13th Floor is the only company and brand in the country to produce haunted houses on a national scale, with houses in Denver, San Antonio and Phoenix with more to come in the future. Designed by world-renowned haunted house designers and featuring makeup and effects from Hollywood special effects artists. The 13th Floor Denver building takes fright to a whole new level with different interactive events like Christmas Blackout, Valentine X, and now Apocalypse, Live-Action Zombie Experience.
Fascination St. Fine Art has been offering customized framing treatments alongside a collection of original paintings, sculpture, and limited edition artwork since 1992. Let friendly and experienced staff members advise you on how and where to hang poodle paintings and game-winning jerseys, choosing from a wide selection of frames, mattes, archival glass, and shadow boxes. Pricing varies ranging from $125 to $1000, depending on the size of your artwork and the kind of materials used. Once you decide on a visually pleasing combination, your newly framed piece will be ready in one to two week's time to impress visiting relatives and Grouponicus guests.
Ranked the No. 3 best thing to do in Denver by U.S. News & World Report, Denver Zoo hosts 3,500 different animals from more than 650 species, which blend with several interpretive exhibits. Sprawling naturalistic displays place animals in environments approximating their native habitats, giving a glimpse of exotic locales and diverse behavioral patterns. The Tropical Discovery exhibit boasts a 2,250-gallon pool teeming with piscine life and exotic turtles in a waterfall-lined indoor rainforest. Two prides of lions sprawl along rocky outcroppings in the lion kopje in Predator Ridge while African wild dogs, guineafowl, and spotted hyenas play a heated game of Yahtzee. Commune with ancient cousins in the seven-acre Primate Panorama, where chattering monkeys swing from trees while powerful gorillas amble freely about their one-acre exhibit.
In 1979, New York's Metropolitan Museum of Art hosted a mammoth Clyfford Still survey. Little did museum-goers realize that it would be their last opportunity to see Still's work for more than 30 years. When he died in 1980, Still stipulated that his work be kept from the public eye until an American city created a museum dedicated solely to his art. His wife, Patricia, selected Denver in 2005; by November 2011, the two-story, 28,500-square-foot museum finally opened its doors.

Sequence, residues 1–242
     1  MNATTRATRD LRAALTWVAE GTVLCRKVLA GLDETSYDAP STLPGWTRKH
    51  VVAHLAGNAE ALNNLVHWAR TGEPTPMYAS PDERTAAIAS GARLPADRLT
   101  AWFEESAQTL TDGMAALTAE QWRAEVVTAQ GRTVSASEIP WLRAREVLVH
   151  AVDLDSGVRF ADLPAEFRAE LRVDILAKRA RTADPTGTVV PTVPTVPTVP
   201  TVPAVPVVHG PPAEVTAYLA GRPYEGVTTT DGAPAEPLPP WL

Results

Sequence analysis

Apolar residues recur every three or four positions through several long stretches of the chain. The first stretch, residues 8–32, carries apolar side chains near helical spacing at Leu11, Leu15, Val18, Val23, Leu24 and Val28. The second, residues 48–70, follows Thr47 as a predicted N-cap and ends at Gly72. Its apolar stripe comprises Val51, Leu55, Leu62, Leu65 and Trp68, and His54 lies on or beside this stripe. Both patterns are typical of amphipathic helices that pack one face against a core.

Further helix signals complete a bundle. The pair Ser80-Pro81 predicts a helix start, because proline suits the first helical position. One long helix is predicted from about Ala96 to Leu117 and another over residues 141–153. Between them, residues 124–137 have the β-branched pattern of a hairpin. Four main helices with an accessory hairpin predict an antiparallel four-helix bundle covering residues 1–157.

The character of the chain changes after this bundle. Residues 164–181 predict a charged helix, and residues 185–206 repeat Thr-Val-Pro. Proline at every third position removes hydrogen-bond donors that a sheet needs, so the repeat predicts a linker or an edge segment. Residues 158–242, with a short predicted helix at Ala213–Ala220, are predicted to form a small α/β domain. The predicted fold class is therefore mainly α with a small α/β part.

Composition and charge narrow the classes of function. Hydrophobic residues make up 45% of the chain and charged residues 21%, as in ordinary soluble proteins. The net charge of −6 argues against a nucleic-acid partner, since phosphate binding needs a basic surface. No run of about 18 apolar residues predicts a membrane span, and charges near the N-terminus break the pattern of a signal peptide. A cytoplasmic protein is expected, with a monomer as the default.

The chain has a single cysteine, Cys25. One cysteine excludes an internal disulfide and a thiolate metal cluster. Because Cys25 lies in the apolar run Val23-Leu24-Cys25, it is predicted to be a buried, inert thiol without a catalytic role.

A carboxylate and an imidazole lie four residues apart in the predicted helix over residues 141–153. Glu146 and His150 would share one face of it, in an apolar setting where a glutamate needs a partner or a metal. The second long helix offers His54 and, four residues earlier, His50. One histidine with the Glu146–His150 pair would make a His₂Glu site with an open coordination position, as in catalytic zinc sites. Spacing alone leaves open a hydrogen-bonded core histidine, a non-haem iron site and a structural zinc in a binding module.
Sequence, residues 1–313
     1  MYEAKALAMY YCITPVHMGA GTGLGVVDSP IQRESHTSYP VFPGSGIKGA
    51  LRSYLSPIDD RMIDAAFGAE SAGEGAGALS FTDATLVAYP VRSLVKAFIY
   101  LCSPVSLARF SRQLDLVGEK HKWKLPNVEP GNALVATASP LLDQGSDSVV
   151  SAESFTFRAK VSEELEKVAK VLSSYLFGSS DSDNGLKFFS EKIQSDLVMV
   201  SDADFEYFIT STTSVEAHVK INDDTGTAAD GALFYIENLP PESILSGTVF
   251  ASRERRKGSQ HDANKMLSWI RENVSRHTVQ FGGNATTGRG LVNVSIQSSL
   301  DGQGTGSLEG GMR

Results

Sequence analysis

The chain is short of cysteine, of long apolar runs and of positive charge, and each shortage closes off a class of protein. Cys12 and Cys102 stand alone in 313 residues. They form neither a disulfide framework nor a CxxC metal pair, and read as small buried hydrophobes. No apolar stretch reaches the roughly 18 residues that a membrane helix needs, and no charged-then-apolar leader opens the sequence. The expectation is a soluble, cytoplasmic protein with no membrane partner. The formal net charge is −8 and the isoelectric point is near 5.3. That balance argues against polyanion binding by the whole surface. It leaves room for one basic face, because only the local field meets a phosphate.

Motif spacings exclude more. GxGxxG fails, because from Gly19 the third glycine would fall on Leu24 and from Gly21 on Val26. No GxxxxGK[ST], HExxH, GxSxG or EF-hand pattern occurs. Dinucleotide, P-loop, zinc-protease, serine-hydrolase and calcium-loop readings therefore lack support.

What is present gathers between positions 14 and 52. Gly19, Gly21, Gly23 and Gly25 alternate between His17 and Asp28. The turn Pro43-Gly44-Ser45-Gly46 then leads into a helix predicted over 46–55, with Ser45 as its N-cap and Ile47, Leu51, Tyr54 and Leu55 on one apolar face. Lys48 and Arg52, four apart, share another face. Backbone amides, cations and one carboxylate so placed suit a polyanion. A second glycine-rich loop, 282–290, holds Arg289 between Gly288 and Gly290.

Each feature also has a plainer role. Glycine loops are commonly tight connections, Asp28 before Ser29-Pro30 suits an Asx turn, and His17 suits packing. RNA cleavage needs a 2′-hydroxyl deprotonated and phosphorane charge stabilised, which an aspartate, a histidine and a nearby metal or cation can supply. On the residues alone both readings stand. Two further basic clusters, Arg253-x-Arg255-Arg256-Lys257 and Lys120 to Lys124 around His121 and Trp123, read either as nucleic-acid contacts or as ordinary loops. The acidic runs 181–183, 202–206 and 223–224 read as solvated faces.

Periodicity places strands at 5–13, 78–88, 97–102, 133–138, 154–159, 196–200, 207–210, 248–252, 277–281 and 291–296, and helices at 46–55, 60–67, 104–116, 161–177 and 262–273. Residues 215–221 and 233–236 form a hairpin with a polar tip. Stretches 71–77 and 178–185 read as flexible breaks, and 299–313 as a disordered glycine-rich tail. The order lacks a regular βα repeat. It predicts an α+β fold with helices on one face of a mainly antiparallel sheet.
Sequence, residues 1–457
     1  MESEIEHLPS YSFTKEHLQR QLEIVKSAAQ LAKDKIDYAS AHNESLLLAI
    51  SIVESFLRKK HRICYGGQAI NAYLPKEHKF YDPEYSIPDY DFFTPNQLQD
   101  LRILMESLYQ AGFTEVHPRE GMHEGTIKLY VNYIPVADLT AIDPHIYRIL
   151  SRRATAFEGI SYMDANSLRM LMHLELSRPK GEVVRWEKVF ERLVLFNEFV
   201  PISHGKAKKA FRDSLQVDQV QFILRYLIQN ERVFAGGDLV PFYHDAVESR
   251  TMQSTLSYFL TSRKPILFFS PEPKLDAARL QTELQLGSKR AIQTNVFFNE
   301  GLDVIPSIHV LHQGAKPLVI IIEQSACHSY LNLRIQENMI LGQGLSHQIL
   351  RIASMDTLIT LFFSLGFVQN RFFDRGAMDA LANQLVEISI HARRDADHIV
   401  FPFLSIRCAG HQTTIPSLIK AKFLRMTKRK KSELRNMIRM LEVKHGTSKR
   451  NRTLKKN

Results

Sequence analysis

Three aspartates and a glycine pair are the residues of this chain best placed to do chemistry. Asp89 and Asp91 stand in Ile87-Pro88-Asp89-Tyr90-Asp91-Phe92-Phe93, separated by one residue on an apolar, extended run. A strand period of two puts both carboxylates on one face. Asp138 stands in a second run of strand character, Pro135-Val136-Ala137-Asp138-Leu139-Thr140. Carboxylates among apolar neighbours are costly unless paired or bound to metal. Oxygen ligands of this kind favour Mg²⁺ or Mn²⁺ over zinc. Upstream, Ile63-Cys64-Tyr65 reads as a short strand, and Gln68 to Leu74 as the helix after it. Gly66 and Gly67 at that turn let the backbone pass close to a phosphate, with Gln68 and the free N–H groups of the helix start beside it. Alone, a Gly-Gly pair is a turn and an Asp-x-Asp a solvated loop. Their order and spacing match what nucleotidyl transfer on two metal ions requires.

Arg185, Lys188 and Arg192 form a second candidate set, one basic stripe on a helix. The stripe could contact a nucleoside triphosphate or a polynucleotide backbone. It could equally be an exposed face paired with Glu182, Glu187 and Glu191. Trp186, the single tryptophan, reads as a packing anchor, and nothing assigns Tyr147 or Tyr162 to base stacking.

Inside, nine galleries showcase rotating pieces from nearly 94% of Still's entire output, which includes approximately 825 paintings and 1,575 works on paper. Taken together, these pieces trace Still's evolution from representational painting to abstract expressionism, a shift he made earlier than contemporaries such as Mark Rothko and Jackson Pollock. Besides Still's artwork, the museum houses the artist's personal belongings, ranging from sketchbooks to recordings of the many prank calls he pulled on Pablo Picasso. In addition to preserving Still's legacy, the museum plays host to events such as liquor tastings, artist lectures, and film screenings.
Children’s Museum of Denver was originally founded in a converted school bus in 1973. Since then, its surroundings have changed, but its mission has remained the same: to engage visitors in learning through play. Its collection of 13 hands-on playscapes is designed to stimulate the minds of children from birth to age 8, earning Children's Museum of Denver a spot on Forbes's 2012 list of the 12 Best Children's Museums in the US.
Amid the museum's two stories, visitors learn about fire safety in Fire Station No. 1, shop for healthy foods in the market, and unleash their creative sides with paint and stage costumes at Arts a la Carte. Dedicated to nurturing a love of math and science, the museum also features a recyclable-material assembly plant, a bubble experimentation lab, and a newly opened kinetics exhibit with a gigantic marble run.
Built in 1859, the Four Mile House marked the final rest stop for people on westward journeys to Denver along the Cherokee Trail. Nestled on the Cherry Creek’s banks, the house played host to travelers seeking home-cooked meals and a place to sleep before their final four-mile trek to the city. Since then, the abode has been added to the National Register of Historic Places, and it's Denver's oldest standing structure.
A preserved slice of frontier life circa 1859–1899, Four Mile House is open for tours, as are its surrounding barns and outbuildings. Elsewhere, visitors can greet live goats and chickens or hop aboard horse-drawn rides around the 12-acre park. Four Mile House further celebrates its pioneer legacy with events such as historic demonstrations of activities like blacksmithing, the art of taking any object and painting it black.